I understand and have implemented a 2D discrete wavelet transform that uses a Haar wavelet to process images.

Now I would like to implement a 2D Cohen-Daubechies-Feauveau wavelet transform, but I am uncertain about how to do the inverse transform.

The Haar transform uses a 2x2 kernel, so I have 4 coefficients for each 2x2 block of pixels, and it's obvious to me how to reverse transform to reconstruct my pixels.

The CDF wavelet uses odd tap filters, so at each image location (i,j), I have 4 coefficients. It seems, therefore, that there is no need to downsample -- I can simply get 4 coefficient images, where each is the same size as the original image, and then run the reverse transform on those four images to reconstruct the original. Is that correct?

This is the method I tried, but it does not restore the image -- it just gives me garbage.

If A is the low pass filter and B is the high pass filter, x is the image, and x(A,B) means apply filter A to x horizontally and B to x vertically:

  1. x1 = x(A,A)
  2. x2 = x(A,B)
  3. x3 = x(B,A)
  4. x4 = x(B,B)
  5. y1 = x1(B,B)
  6. y2 = x2(B,A)
  7. y3 = x3(A,B)
  8. y4 = x4(A,A)

Sum y1, y2, y3, y4 to get original image, x.

Does this method look correct?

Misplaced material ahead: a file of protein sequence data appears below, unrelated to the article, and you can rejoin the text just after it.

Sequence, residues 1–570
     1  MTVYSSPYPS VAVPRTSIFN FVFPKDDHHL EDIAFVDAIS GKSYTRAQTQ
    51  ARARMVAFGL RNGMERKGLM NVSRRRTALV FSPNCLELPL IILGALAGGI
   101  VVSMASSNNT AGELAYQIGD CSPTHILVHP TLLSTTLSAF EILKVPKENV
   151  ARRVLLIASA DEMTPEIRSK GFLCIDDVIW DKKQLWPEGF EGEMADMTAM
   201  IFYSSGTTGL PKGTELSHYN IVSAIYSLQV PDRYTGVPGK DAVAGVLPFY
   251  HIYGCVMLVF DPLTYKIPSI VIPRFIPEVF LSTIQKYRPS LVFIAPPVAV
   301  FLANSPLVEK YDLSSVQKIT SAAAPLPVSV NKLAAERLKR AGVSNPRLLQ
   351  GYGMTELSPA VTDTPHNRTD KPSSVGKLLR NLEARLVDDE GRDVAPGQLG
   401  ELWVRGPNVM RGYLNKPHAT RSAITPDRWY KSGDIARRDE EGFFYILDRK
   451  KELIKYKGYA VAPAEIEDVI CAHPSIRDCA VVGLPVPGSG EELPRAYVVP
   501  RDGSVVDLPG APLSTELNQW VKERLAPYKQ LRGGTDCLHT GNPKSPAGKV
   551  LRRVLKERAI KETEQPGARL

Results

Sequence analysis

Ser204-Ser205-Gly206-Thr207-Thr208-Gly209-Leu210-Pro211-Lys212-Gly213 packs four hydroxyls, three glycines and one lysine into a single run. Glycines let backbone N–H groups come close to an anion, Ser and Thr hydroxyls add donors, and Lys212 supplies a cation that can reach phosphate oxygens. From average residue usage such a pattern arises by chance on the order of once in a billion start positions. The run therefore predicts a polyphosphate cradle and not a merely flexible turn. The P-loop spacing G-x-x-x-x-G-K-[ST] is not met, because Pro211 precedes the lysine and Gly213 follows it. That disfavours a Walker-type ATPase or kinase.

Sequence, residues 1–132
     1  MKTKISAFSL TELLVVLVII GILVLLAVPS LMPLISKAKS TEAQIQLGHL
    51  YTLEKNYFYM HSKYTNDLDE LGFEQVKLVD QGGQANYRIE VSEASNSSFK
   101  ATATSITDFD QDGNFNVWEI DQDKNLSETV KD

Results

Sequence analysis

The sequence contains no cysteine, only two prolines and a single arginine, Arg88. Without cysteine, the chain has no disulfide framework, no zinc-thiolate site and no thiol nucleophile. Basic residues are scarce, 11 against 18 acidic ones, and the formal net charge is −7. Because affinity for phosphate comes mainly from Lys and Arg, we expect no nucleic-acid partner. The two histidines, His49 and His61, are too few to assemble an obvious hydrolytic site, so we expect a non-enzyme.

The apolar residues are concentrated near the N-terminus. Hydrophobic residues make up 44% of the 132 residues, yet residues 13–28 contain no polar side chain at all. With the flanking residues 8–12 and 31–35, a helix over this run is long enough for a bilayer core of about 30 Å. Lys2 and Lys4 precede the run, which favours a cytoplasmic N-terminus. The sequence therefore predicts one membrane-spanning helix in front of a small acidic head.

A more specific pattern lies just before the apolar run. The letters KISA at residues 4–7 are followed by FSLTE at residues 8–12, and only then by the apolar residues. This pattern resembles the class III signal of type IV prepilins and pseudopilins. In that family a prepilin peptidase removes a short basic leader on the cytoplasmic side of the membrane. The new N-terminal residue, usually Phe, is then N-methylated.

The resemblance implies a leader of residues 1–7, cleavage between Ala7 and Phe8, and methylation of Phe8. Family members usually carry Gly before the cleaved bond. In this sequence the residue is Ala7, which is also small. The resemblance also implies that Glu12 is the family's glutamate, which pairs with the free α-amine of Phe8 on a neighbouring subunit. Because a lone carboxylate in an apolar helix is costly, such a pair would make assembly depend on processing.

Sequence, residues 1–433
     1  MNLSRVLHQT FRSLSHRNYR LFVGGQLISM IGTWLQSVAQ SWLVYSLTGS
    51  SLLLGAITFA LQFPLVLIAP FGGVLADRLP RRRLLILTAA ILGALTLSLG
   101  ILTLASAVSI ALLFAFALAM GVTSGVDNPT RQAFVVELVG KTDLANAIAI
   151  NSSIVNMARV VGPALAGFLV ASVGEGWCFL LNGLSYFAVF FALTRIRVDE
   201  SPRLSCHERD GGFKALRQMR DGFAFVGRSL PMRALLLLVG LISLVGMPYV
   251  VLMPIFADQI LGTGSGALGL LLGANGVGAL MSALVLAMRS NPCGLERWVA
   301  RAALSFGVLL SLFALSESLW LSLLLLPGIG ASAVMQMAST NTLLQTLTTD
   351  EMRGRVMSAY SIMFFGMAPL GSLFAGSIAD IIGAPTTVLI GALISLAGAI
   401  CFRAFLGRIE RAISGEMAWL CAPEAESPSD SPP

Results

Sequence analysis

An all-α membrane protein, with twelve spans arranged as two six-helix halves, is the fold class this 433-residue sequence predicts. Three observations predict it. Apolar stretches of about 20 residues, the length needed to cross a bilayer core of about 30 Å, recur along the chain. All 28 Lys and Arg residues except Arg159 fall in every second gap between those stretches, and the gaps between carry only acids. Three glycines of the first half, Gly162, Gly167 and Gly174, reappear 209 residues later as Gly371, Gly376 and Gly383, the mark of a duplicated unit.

I am certain that I am doing the forward transform correctly, but I am unsure about the reverse transform. I have read the Wikipedia article on Fast Wavelet Transform, and I believe that I am implementing what this page states (without the downsampling).


2 Answers 2


To the contrary, the odd tap filters allow you to keep everything perfectly symmetric. If you make the filter centered at $0$, then the application of the filter at position $i$ requires a symmetric range of coefficients around $i$.

All 2-channel wavelets will produce a quad-tree decomposition of a 2D image, regardless of tap length. The only complication of longer, non-trivial wavelet filter banks is the treatment of the boundaries. Here one has an advantage in using symmetric filters. (Symmetric and orthogonal wavelet filters exist for 3-channel, 4-channel wavelets and so on. See articles by Heller, Belogay/Wang, Turcajeva.)

If you continue the image by mirroring at the boundaries, the transformed image will also have odd or even symmetry at the boundaries so that the size of the transformed image can be kept equal to the size of the original image.

In the reconstruction process, you have to reconstruct those mirrored coefficients in the bands and then apply the centered filters to obtain the original image back.

  • $\begingroup$ Indeed, that's why I want to use CDF instead of Haar -- so that I can get 4 coefficients at each pixel location without introducing any shifting. (I misspoke about it being 'asymmetric' in my original question and have edited the OP.) But my question remains: What do I do with those 4 coefficients to reconstruct the original pixel? $\endgroup$
    – jsp
    Jan 18, 2014 at 19:24

It's possible that you get a small shift with forward/backward transforms. This is especially the case if you're trying to keep your 1D filters causal (no future data needed). Anyway, Wikipedia gives you the basic form for the inverse transform: you apply the two kernels in reverse to the sand d terms & sum the two contributions. Don't mind the


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